As a business owner in a sluggish economy, you may be facing a decline in sales, poor cash flow, aging accounts receivables, and dwindling profit margins. Tight financial times are causing most businesses some degree of pain, but this burden can play havoc on a small company.

In adverse situations, there is a tendency to be ‘reactive’ as opposed to ‘proactive’ in managing the business. Certainly, it is crucial to respond quickly to changes in market conditions. However, if the business doesn’t have a strategic plan, management behavior is based on the ‘here and now’ without foresight into the long-term effects of random, reactionary decisions.

Rather than continuing to react to the market, which will eventually lead to your business running you rather than you running the business, now might be the right time to step back and develop a strategic plan. Otherwise, your reactionary mode can lead your business to financial ruin.

Just what is involved in thinking strategically? First you must get all your key players on board and supportive of the process. You will also need the commitment of all employees, so keeping them involved will be important for plan implementation and support.

Strategic planning can be divided into ten basic steps. Step one is the vision statement. This is the ‘dream’ of what you want the business to look like in three years and beyond in terms of its appearance, products, profits, location, size, and customers.

After the vision statement comes the mission statement. The mission statement provides a consistent picture of your company and a purpose for all in your organization. It describes what the business does, says who you are, what you stand for, what you do, who you do it for, why you do it, and how you are competitive. The mission statement helps the business to stay focused.

The third step is to clearly define the company’s corporate values–the innate values and standards or principles by which the company will carry out its operations in relationship with society, customers, employees, suppliers, the local community, and other stakeholders.

Corporate objectives are determined next. Explicitly state the company’s objectives in terms of the results you desire in the next three to five years. Objectives should relate to the expectations of all major stakeholders and reflect the underlying reasons for running a business. Objectives should be challenging but realistic. When determining objectives, refer to the mission statement to stay focused, and ensure objectives are in line with who you say you are and what you say you do.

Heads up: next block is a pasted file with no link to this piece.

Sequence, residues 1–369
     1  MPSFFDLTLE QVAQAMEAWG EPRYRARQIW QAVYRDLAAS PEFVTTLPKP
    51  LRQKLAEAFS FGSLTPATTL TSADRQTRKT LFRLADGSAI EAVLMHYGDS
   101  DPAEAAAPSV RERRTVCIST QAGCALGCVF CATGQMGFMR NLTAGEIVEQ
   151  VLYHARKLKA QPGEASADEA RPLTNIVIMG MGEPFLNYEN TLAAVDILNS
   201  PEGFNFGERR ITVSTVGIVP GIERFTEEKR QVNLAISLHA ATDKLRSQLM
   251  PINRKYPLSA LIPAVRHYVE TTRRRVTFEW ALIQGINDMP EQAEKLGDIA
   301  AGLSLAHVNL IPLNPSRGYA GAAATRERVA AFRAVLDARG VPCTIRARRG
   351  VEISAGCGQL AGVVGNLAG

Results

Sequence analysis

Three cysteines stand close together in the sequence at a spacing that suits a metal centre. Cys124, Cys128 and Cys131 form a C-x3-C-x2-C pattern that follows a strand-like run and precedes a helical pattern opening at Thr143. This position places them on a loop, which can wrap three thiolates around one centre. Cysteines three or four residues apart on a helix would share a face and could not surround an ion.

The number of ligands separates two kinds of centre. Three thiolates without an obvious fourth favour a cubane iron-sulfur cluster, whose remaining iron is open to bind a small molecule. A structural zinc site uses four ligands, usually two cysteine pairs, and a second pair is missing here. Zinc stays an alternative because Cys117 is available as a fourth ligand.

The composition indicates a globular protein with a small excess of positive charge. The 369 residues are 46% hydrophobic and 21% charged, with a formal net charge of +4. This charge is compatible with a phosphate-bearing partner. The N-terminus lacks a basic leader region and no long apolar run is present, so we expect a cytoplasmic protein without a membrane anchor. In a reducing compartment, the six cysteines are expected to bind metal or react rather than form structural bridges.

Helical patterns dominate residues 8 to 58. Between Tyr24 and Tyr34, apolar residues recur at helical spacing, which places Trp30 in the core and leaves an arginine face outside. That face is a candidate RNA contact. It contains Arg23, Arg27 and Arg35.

Of course, you cannot develop an effective plan without a thorough audit of your business’s operation and the market environment. This leads to step five, the SWOT Analysis. SWOT stands for strengths, weaknesses, opportunities, and threats. Strengths and weaknesses are ‘internal’ and refer to aspects of your operations such as marketing, technology, finances, human capital, products, management, R&D, and other systems. Opportunities and threats refer to the external environment in which you do business–competition, industry and social trends, economy, political and legal environments, and markets. You lack control over the external, but it impacts the ultimate success or failure of your business. Your goal in the SWOT Analysis is to evaluate your situation so that you may utilize strengths to capitalize on opportunities and minimize threats and determine ways to improve on weaknesses.

Step six is to revisit steps one through four. Given the outcome of the SWOT Analysis, do any changes need to be made to the vision, mission, values, or objectives?

If steps one through six ‘mesh,’ you can develop strategies. Strategies describe the company’s approach to the marketplace given its inherent vision, mission, values, and objectives. Strategies should build on strengths, resolve weaknesses, exploit opportunities, and avoid threats. Strategies can be companywide, such as mergers and acquisitions, product or market development, or market penetration. You may also develop strategies at the functional level.

Step eight is to develop specific, shorter-term goals. Goals should be quantifiable, realistic, and time-based. Goals are what the company hopes to achieve by implementing strategies in pursuit of company objectives.

The final two steps of strategic planning are development of strategic action programs and implementation. Action programs are the tools that set out implementation plans for key strategies. They cover resources, time frames, budgets, deadlines, and performance targets. Finally, a plan that is not implemented is an exercise in futility. Designate a time for implementation and assign responsibility for various tasks.

By always thinking strategically, when difficult financial times hit, business owners are better prepared to respond to the changes is market conditions in a way that keeps the business focused on its mission and long-term objectives. The Georgia SBDC Network assists small businesses with strategic planning audits and retreats. To find the Center nearest you, visit our web site at

(Source: Sharon Macaluso, SBDC Decatur Office)